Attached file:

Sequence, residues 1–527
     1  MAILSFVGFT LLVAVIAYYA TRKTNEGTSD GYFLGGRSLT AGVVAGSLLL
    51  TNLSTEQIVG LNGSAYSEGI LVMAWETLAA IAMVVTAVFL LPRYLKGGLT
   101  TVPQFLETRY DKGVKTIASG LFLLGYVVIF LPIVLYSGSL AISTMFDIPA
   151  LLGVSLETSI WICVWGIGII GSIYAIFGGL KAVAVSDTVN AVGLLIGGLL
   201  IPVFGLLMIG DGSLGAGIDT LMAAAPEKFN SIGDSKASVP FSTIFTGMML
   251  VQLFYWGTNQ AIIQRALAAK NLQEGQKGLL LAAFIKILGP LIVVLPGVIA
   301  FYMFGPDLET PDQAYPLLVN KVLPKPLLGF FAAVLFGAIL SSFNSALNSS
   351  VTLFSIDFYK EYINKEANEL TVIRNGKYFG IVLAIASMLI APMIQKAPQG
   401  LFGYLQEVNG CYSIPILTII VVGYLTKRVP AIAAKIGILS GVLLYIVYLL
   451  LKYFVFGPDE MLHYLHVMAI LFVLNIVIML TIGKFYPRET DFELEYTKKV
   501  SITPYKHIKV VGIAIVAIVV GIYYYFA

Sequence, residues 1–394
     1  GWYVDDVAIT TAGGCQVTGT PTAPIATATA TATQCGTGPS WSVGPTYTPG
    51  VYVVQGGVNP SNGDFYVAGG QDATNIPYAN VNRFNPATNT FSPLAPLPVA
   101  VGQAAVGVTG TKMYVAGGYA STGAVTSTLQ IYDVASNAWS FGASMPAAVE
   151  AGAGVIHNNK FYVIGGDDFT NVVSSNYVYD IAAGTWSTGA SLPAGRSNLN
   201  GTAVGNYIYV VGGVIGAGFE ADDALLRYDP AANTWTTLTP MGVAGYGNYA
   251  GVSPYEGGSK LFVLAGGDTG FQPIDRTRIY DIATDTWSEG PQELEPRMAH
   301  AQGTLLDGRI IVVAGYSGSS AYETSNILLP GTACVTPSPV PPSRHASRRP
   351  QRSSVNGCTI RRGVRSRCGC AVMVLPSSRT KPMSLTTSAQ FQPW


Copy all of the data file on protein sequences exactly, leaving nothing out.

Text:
Sequence, residues 1–527
     1  MAILSFVGFT LLVAVIAYYA TRKTNEGTSD GYFLGGRSLT AGVVAGSLLL
    51  TNLSTEQIVG LNGSAYSEGI LVMAWETLAA IAMVVTAVFL LPRYLKGGLT
   101  TVPQFLETRY DKGVKTIASG LFLLGYVVIF LPIVLYSGSL AISTMFDIPA
   151  LLGVSLETSI WICVWGIGII GSIYAIFGGL KAVAVSDTVN AVGLLIGGLL
   201  IPVFGLLMIG DGSLGAGIDT LMAAAPEKFN SIGDSKASVP FSTIFTGMML
   251  VQLFYWGTNQ AIIQRALAAK NLQEGQKGLL LAAFIKILGP LIVVLPGVIA
   301  FYMFGPDLET PDQAYPLLVN KVLPKPLLGF FAAVLFGAIL SSFNSALNSS
   351  VTLFSIDFYK EYINKEANEL TVIRNGKYFG IVLAIASMLI APMIQKAPQG
   401  LFGYLQEVNG CYSIPILTII VVGYLTKRVP AIAAKIGILS GVLLYIVYLL
   451  LKYFVFGPDE MLHYLHVMAI LFVLNIVIML TIGKFYPRET DFELEYTKKV
   501  SITPYKHIKV VGIAIVAIVV GIYYYFA

Sequence, residues 1–394
     1  GWYVDDVAIT TAGGCQVTGT PTAPIATATA TATQCGTGPS WSVGPTYTPG
    51  VYVVQGGVNP SNGDFYVAGG QDATNIPYAN VNRFNPATNT FSPLAPLPVA
   101  VGQAAVGVTG TKMYVAGGYA STGAVTSTLQ IYDVASNAWS FGASMPAAVE
   151  AGAGVIHNNK FYVIGGDDFT NVVSSNYVYD IAAGTWSTGA SLPAGRSNLN
   201  GTAVGNYIYV VGGVIGAGFE ADDALLRYDP AANTWTTLTP MGVAGYGNYA
   251  GVSPYEGGSK LFVLAGGDTG FQPIDRTRIY DIATDTWSEG PQELEPRMAH
   301  AQGTLLDGRI IVVAGYSGSS AYETSNILLP GTACVTPSPV PPSRHASRRP
   351  QRSSVNGCTI RRGVRSRCGC AVMVLPSSRT KPMSLTTSAQ FQPW